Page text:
Adam Ważyk was born into a middle-class family of Jewish descent. After having been graduated from a Warsaw high school in 1924, he began to study mathematics at Warsaw University but soon found himself engrossed in the vigorous literary life of the 1920’s. He made his literary debut very early by publishing a poem in the monthly Skamander in 1922. He entered into closer contact, however, not with the influential and popular poetic group called Skamander but with its opponents, who formed various avant-garde groups. Ważyk associated first with the Futurists (he was a coeditor of their publication, Almanach Nowej Sztuki) and later with the so-called Cracow Vanguard. His own position within those groups remained rather individual, however, and not fully consistent with their programs. In his two books of poems published in 1924 and 1926, he appeared as a Polish adherent to French cubism and Surrealism. In the 1930’s, he stopped writing poetry altogether and shifted to fiction, the most interesting example of which was his autobiographical novel Mity rodzinne (1938).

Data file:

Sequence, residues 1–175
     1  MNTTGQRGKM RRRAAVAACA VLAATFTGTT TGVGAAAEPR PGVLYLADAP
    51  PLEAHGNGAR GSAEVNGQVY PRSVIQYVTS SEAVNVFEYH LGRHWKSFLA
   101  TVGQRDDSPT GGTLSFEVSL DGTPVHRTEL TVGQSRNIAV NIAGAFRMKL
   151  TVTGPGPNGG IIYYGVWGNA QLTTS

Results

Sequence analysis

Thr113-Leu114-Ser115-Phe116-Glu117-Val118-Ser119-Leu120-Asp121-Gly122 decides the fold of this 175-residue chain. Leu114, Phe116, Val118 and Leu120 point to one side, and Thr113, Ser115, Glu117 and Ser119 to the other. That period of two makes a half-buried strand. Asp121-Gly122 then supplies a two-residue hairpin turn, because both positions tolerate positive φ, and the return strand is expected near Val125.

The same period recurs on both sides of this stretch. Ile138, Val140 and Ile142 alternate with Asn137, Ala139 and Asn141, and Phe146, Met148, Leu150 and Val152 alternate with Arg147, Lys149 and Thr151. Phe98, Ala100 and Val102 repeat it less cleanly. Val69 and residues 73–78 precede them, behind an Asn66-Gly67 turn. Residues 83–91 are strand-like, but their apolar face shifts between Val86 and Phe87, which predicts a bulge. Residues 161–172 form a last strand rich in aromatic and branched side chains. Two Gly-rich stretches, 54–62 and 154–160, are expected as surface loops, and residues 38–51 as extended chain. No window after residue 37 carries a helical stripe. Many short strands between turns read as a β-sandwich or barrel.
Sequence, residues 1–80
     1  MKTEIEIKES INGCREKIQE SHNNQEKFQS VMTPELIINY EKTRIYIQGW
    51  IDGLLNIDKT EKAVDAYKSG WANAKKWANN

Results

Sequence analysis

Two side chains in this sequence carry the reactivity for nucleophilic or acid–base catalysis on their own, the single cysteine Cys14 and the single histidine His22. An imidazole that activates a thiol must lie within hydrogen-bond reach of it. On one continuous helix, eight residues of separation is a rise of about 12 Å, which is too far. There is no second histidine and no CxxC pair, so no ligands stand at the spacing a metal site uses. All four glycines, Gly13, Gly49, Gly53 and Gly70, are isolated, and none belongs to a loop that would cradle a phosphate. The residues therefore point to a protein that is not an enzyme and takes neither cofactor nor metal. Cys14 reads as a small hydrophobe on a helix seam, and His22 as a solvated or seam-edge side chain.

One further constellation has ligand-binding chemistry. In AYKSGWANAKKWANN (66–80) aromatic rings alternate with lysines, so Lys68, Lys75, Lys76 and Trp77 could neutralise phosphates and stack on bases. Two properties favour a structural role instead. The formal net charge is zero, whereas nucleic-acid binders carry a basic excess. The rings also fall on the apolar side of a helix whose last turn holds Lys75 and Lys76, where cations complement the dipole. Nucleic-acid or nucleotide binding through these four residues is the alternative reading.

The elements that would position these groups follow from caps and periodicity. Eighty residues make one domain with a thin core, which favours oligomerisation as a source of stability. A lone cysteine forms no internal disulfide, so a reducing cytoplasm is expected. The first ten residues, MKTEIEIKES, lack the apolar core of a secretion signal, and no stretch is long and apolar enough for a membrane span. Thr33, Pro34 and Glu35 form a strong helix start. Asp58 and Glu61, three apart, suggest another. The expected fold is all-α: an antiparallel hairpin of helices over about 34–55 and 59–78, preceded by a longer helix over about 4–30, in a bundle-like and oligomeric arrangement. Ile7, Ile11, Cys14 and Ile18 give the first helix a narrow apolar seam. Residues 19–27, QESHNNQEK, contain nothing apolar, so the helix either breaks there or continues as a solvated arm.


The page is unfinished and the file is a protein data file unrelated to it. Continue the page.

The outbreak of World War II prompted a dramatic change both in Ważyk’s life and in his art. In September, 1939, he arrived with other refugees at the city of Lvov, which soon fell prey to the Soviet invasion. Ważyk joined those Polish intellectuals who decided to collaborate with Soviet authorities. In the early 1940’s, he lived in Saratov and Kuibyshev,...
(The entire section is 524 words.)